Promoting Modern Farm Practices and Gender Equality in Ethiopia – Yetubie and Belete’s life has transformed – their farm work, their standard of living, their relationship, and their family life. Now, they are Change Agents and an example for other households to strive for change. Side by side, picking ripe coffee cherries, they proudly recall how their success came about, how their work used to be, and how it is now.
Change from traditional to modern farming techniques brings higher yields
About the CAFE Project
Ethiopia is the largest coffee producer in Africa. Approximately 2,2 million smallholder families are engaged in coffee production with coffee as their main cash crop. Many of these smallholder farmers face a range of economic, social, and environmental problems which threaten their livelihoods and jeopardize the development of the individual farms.
Tapping the market leads to a change in the living standard
Yetubie reports that after enrolling in the program and acquiring essential skills, with the changes put in place, they have begun to produce better quality coffee. They sold it at a higher price which increased their income. Speaking of the experience, she says, “When our income increased, we bought furniture. Now we sit on chairs, sleep on a bed, renovate our house, and fulfill other basic needs. We bought our son a Bajaj (a three-wheeler used as a taxi), with which he earns his livelihood. We gave our daughter capital and a small coffee farm, and she also started earning a living. Our other children are in the university, high school, and elementary schools. We created a five-year plan and have reached most of its goals! The only thing remaining is buying a car; soon, we will have that too. Thanks to the hard work and the support of the project, we are living our dream.”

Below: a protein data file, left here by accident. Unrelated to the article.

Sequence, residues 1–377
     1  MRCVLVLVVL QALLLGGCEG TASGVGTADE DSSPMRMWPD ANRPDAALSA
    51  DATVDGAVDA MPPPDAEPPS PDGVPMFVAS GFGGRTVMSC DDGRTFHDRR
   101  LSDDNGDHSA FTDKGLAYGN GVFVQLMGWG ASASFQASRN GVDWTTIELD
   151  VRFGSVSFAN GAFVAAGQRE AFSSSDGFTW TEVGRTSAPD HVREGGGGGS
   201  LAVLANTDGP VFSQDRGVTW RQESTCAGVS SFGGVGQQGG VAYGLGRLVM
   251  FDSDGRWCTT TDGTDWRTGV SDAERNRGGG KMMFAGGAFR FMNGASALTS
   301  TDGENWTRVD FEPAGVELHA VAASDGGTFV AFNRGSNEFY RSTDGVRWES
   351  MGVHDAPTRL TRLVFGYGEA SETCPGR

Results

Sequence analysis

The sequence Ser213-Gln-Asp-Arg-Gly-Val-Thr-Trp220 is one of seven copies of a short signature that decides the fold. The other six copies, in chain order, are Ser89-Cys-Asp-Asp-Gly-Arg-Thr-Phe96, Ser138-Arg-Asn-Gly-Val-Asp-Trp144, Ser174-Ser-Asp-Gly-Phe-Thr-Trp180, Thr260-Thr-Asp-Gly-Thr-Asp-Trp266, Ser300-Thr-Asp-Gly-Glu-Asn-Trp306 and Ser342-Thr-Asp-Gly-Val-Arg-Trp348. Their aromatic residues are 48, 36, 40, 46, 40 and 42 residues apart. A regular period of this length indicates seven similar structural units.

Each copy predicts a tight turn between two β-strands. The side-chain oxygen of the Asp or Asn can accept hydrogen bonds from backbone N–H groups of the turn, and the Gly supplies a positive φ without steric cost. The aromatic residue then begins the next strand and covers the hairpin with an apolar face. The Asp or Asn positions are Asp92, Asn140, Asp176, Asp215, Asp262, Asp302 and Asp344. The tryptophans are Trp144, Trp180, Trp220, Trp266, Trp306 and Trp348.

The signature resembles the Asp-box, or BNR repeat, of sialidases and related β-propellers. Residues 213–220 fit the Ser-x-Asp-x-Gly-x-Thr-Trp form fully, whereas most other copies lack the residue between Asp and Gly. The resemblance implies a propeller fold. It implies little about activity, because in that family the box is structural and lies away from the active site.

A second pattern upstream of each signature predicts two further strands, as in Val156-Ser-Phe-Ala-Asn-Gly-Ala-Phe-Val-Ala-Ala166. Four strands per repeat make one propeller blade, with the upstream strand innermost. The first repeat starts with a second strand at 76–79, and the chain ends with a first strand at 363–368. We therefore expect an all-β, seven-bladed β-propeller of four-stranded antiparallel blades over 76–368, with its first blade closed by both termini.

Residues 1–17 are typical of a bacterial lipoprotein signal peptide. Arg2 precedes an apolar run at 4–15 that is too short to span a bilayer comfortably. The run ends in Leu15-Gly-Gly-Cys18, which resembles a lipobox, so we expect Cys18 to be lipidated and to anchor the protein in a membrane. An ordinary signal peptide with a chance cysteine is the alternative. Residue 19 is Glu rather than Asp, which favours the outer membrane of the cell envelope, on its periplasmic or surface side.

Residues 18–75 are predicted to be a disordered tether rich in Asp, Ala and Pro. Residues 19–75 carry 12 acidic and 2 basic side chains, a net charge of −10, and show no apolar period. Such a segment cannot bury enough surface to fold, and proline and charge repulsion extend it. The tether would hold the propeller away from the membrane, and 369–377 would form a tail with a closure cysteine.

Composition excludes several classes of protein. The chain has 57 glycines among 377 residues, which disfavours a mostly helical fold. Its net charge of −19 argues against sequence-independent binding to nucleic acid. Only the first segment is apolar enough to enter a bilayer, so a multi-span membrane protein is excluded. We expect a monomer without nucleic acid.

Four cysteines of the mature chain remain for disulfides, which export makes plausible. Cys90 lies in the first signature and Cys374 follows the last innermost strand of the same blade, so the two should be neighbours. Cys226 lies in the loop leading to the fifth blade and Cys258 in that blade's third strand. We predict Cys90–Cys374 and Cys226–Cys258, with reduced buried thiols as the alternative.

In addition to coffee and the cultivation of other crops such as maize, wheat, and pepper, Yetubie and Belete engage in cattle fattening, beekeeping, and dairy production. In the last year alone, the couple earned 200,000 ETB (around $ 4,000) in profit from all agricultural sources of income. The couple did not even know what their income and expense were before the intervention. They say, “now we plan, record our income and expenses and know what we are going to do with our profits.”
Gender equality entails shared rights and responsibilities
Belete explains that this approach has made life easier for the family, adding, “I look back at our past life experience with some regret.” Yetubie even admitted – rather uneasily, “Before applying gender equality in our home, I didn’t have access to our money, so I would sell some products secretly without telling my husband to cover my expenses. Now even our children have learned to discuss, plan and work together and life in our home is getting better and better.”
Abebanesh added that in the GHA, HRNS implements comprehensive training with the help of an exemplary family. It makes the changes in their livelihood visible and puts them into the position to mentor other households. Yetubie and Belete are now such an exemplary family – they are change agents. And they inspire fellow households to strive for change.
Yetubie tells proudly, “We have a session within the FFS that meets on the 21st of every month. At that time, we discuss good agricultural practices, gender issues, climate change, and other concerns. We teach the community to plant trees to overcome climate change and soil infertility. We want to teach the whole community to implement gender equality, too. One family at a time, we plan to change a wider community. In the future, we would like to see equal gender participation in every business and household in the whole country because we are change agents!”